Unix & Linux Stack Exchange is a question and answer site for users of Linux, FreeBSD and other Un*x-like operating systems. Join them; it only takes a minute:

Sign up
Here's how it works:
  1. Anybody can ask a question
  2. Anybody can answer
  3. The best answers are voted up and rise to the top

I have written a program that transparently logs in to captive portals. As such, I'd like to run this any time that any wireless connection comes up using netcfg. It is possible to do this per-connection in the configuration file by using POST_UP, but this would require adding it to every connection that currently exists, and any connection that may be created in future, which is not feasible in my situation. I also do not wish to poll for network connections as a daemon. I don't see any information about doing this in man netcfg-profiles.

How should I approach this? Does netcfg have any built-in configuration that allows a POST_UP to apply to multiple connections?

It is acceptable for it to also apply to all connections (including wired), but if possible I'd like to avoid it.

share|improve this question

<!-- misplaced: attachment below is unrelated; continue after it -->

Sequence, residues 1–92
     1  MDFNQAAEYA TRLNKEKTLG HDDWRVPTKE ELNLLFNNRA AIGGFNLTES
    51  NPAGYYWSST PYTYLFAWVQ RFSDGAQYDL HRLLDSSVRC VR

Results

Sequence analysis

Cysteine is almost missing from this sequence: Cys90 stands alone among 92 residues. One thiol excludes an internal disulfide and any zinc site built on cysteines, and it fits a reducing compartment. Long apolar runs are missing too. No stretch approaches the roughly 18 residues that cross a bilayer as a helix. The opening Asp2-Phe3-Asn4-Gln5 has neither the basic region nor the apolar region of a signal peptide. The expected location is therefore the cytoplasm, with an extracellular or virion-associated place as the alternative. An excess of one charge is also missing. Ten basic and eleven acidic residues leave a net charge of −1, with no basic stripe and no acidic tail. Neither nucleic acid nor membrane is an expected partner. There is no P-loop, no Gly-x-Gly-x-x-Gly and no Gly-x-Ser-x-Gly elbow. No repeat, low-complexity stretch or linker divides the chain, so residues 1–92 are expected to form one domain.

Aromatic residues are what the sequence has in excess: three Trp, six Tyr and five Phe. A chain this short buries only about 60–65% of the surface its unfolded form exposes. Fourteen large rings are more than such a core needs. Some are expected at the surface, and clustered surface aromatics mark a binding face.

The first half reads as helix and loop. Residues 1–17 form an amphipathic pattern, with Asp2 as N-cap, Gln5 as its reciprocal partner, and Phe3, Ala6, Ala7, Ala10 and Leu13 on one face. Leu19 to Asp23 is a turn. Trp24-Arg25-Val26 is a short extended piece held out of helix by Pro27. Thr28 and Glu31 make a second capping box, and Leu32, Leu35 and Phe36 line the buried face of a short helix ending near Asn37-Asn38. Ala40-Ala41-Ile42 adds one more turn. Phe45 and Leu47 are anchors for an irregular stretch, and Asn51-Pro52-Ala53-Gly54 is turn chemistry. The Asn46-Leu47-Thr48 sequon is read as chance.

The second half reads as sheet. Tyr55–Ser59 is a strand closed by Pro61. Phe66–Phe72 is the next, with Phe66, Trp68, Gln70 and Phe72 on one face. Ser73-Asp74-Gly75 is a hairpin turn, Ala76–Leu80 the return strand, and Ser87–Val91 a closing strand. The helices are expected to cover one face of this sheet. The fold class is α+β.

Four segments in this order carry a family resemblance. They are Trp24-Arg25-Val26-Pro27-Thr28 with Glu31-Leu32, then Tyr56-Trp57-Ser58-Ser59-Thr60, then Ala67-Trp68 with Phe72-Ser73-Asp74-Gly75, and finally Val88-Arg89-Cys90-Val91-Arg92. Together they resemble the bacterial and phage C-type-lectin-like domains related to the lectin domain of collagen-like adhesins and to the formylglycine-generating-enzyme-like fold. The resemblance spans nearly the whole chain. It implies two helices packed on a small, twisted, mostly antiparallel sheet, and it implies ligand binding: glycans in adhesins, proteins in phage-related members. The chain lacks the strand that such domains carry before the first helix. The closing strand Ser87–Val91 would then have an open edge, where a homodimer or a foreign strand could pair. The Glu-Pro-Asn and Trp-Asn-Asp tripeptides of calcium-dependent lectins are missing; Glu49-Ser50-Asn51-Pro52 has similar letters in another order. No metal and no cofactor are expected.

up vote 1 down vote accepted

Interface-specific {PRE,POST}_{UP,DOWN} commands can be defined in /etc/network.d/interfaces/$DEVICE, where $DEVICE is your network device name. So, although you need a hook per interface (which is actually what you indicate that you want), you do not need one per connection.

For example, my interfaces folder has the following files:


notify() {
/usr/local/sbin/xuserrun /usr/local/sbin/network_notification "$dev" "$state"
return 0

/etc/network.d/interfaces/{wlan0,eth0} (both with same contents):

source /etc/network.d/interfaces/_functions
POST_UP="notify ${INTERFACE} up"
PRE_DOWN="notify ${INTERFACE} down"

This runs a script to send a pop-up notification telling me when a connection has been made/lost. Note that these hooks run as the root user. The xuserrun command is available on github and determines the current X username and switches to that user before running the subsequent command.

share|improve this answer
That's the ticket, thanks! – Chris Down Jan 22 '13 at 11:50

Your Answer


By posting your answer, you agree to the privacy policy and terms of service.

Not the answer you're looking for? Browse other questions tagged or ask your own question.